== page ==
Selecting the Document Class

At the head of every LaTeX project file (main.tex) is the \documentclass command. In the following example, the \documentclass command tells the LaTeX typesetter how to handle the document and which document package to use to typeset the output. It also tells the typesetter to find the styles for the document in the location indicated.

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% Copyright Glenn J Lea
% Name of Document and Version
%
% MAIN FILE
%
\documentclass[a4paper,11pt,twoside]{book}
\usepackage{styles/styles-template}
\begin{document}

These two commands are probably the most important decision you need to make for creating technical documentation using LaTeX: which type of document class and where to find the document styles.

Selecting a document class

After looking at several types of document classes, I settled on the book class as the best fit to do the job.

Other documentclass types did not have the capability to output long documents with proper headers and footers and all the required elements of a professional quality technical document.

book document class

After it seems like forever searching for that ideal class for technical documents, the solution was staring me in the face. The basic book class had all the requirements I needed. It was customizable and it was designed specifically for books, that is, long documents.


Note: Information about the book class is available here.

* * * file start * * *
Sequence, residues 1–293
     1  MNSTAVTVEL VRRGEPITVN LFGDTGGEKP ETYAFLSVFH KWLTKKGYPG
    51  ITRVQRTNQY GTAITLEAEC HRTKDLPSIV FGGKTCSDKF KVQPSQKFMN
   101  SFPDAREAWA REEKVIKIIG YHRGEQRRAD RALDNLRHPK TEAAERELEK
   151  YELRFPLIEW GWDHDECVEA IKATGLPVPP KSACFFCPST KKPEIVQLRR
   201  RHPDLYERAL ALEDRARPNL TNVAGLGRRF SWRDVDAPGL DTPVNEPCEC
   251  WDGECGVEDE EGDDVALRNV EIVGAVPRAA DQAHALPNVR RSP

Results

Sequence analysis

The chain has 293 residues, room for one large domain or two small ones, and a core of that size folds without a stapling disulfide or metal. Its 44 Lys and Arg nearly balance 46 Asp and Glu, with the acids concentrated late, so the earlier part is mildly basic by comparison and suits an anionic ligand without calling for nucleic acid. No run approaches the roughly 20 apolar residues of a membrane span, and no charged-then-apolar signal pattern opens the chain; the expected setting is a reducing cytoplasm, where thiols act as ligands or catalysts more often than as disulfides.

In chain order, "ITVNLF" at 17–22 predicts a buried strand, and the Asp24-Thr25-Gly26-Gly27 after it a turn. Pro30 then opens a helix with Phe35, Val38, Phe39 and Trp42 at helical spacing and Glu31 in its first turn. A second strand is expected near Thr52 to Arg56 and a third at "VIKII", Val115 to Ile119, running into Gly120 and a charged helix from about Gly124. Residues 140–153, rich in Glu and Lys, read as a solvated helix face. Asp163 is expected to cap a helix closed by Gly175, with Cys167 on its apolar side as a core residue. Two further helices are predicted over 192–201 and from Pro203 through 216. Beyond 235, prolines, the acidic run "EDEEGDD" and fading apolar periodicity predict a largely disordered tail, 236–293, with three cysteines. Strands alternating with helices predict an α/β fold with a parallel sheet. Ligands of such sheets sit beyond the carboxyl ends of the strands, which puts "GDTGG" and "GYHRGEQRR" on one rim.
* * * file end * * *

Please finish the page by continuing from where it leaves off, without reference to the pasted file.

memoir document class

I also looked at the memior documentclass. The author of this class, Peter Wilson, describes the memoir class as best suited for type­set­ting po­etry, fic­tion, non-fic­tion, and math­e­mat­i­cal works. It can use a wide range of font sizes, has quite a number of page styles to choose from as well as chapter styles to customize your document. It is very useful.

I tried to use this class first, but it just didn’t suit my needs. I needed more flexibility in designing my title pages, adding headers and footers, and so forth. Frankly, I can’t remember all the reasons why I didn’t choose memoir, but in the end, it just didn’t suit my needs.


Note: Information about the memoir class is available here.


Setting up the documentclass command

As shown above, you set the \documentclass in the document root file (main.tex) at the top of the file:

\documentclass[a4paper,11pt,twoside]{book}

This command includes a number of options. I

It tells the LaTeX typesetter to use the built-in book class and output a document with an A4 paper size, use an 11pt font as the base font and use double-sided printing.

Setting the Paper Size

As I was producing the document for European audiences, the paper size needed to be A4. You can choose letter for North American audiences.

Setting the Base Font Size

A good readable base font size is 11 points. 10 points or 9 points is too small for technical documentation. These documents are used by people in a hurry or having difficulty or wanting to know how to do some task. Why strain their eyes on a very small font size. Of course, if you are producing the document for online viewing, you need to adjust this accordingly, say perhaps 12 or 14 pts.

Setting Pagination

I want the typesetter to paginate on two sides so I don’t end up with blank pages after each page. Setting two-sided makes the document doublesided, but DOES NOT tell the printer to print double-sided. This is important for page numbering, chapter titles and section titles in headers and footers. The book class is double-sided by default.

Including a stylesheet

Stylesheets are discussed in detail in a later topics. Rather than adding all the styles in the head section of main.tex, you can put them all in a stylesheets document and then reference the file in main.tex. This way you can have several stylesheets and comment out stylesheets you are not using.